Grad student credits UC with supporting Ivy League journey

Master’s study leads to next stop: Princeton’s doctorate program

In 2022, Disha Ray completed a bachelor's degree in honors history at St. Stephen's College at the University of Delhi in India. With her sights set on a master's degree, Ray looked at options overseas to find a fit for her next stage of education.  

Graduating from one of the top schools in India, Ray wanted to continue her education at a high-level institute. After some research, Ray set her standards and set out to find the best university for her.

That search led her to University of Cincinnati, where she found what she was looking for. Despite the challenges of moving from India to the United States, Ray thrived in the master’s in history program in the College of Arts and Sciences.

During her studies, she authored several peer-reviewed publications and worked as a graduate assistant, experience that set her up for her acceptance to Princeton University’s doctorate program.

Prospective mentors, support

“I had a list of places where I would have a great fit with a person in the history department, as I was also looking for places that would provide full funding packages and a master's degree that will prepare me for a doctorate program because I knew that would be my end goal,” she said.

Cincinnati checked those boxes, and she made influential connections during her application process.

“Among the places I applied to, UC was my top choice, given that it had funding for a master’s. There were potential mentors for me, and I had spoken to the grad director at the time, Willard Sunderland,” she said. “He was the nicest person that I had talked to in the whole process of my graduate applications, and he was really instrumental in that.”

Moving from India to the United States can be daunting. Many factors can make the transition difficult, from social and cultural differences to academic challenges. Ray credits her department and its people with making the move as smooth as possible.

“I felt like the transition was quite smooth because I had people who were ready to help me, especially the professors in my department,” she said. “They understood that I was coming from a very different setup and needed a different kind of support, especially moving into a new place.”

One of those professors, Department Head Maura O’Connor, proved to play a large part in Ray’s success. 

She's someone whose door I could knock on any time of day, and she would leave whatever she was doing and talk to you..

Disha Ray, UC history alumnus

“She was the head of the department, but she's also someone whose door I could knock on any time of the day, and she would leave whatever she was doing and talk to you. She and I had a lot of conversations when I hit some sort of confusion or obstacle in my research. And as a research student, I think that is very fundamental.”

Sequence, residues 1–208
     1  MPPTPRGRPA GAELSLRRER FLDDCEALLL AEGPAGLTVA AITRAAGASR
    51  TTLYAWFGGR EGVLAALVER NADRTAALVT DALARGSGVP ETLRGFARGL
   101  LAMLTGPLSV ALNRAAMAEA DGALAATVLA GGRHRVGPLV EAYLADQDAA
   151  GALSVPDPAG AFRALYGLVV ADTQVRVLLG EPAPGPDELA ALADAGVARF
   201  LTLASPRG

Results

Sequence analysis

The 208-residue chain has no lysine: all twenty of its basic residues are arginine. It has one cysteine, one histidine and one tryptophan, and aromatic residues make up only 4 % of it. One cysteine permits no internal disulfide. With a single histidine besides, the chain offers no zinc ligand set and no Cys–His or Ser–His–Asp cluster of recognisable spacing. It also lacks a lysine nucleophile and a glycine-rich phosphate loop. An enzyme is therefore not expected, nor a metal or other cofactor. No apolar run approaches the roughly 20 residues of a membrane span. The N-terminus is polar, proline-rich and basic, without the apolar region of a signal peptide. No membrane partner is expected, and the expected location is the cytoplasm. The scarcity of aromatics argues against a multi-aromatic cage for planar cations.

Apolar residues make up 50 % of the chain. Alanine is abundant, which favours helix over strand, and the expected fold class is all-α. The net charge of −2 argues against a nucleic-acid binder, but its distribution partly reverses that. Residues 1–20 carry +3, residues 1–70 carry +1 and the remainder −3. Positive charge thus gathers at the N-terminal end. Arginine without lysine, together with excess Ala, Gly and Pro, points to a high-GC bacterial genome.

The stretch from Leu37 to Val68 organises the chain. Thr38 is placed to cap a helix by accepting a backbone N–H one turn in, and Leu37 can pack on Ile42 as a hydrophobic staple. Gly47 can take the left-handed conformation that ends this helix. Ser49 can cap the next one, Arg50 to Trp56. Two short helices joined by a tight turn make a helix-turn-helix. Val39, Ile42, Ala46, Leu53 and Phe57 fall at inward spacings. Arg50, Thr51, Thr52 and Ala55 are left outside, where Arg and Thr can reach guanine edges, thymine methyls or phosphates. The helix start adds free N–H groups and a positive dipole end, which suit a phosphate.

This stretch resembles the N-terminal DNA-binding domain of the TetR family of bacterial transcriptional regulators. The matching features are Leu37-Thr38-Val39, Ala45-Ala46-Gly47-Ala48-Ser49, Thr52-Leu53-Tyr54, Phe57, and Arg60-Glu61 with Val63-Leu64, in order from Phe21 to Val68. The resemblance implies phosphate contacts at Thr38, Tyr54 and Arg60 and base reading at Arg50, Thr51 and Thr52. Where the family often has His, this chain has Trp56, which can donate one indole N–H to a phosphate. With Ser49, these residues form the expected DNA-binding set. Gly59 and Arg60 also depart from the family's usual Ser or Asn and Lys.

The feelings were mutual. O’Connor praised Ray for her professionalism, ambition and drive and credited these with helping her set herself up for success.

“She is very talented, smart, and she’s really curious. When you do your bachelor’s outside of the States, it’s a deep dive in your area; it’s not so spread out, so she is very well trained. She loves what she did and is incredibly self-motivated, self-directed, and ambitious,” O’Connor said.

As a student, she worked on many large projects, including appearing on the panel at the annual meeting of South Asian studies at the University of Wisconsin-Madison. This panel is one of the biggest in Ray’s field, and she was the youngest person on the panel. Being such a rare case gave her the exposure she needed to take her next steps.

Path to the future

The past two years at Cincinnati helped put Ray into a strong spot going into the doctorate application process. In such a competitive field, every little thing helps build your case for why a university should consider you. In Ray’s case, however, O’Connor saw something special.

“When you start, you write letters, and students get into different programs, so you have students to compare other students to. In her case, however, she was the first and only student I’ve ever compared to professionals already in my field. She reminded me of them at their age, and I have never said that. She’s really rare, and I compare her to some of the most original, creative historians in my field and her field,” O’Connor added. 

Ray will start at Princeton this fall in pursuit of her doctorate in South Asian history.

Featured image at top: UC master's graduate Disha Ray. Photo/Beth Vleaminck

Headshot of By Tyler Chow

By Tyler Chow

Student Journalist, A&S Department of Marketing and Communication

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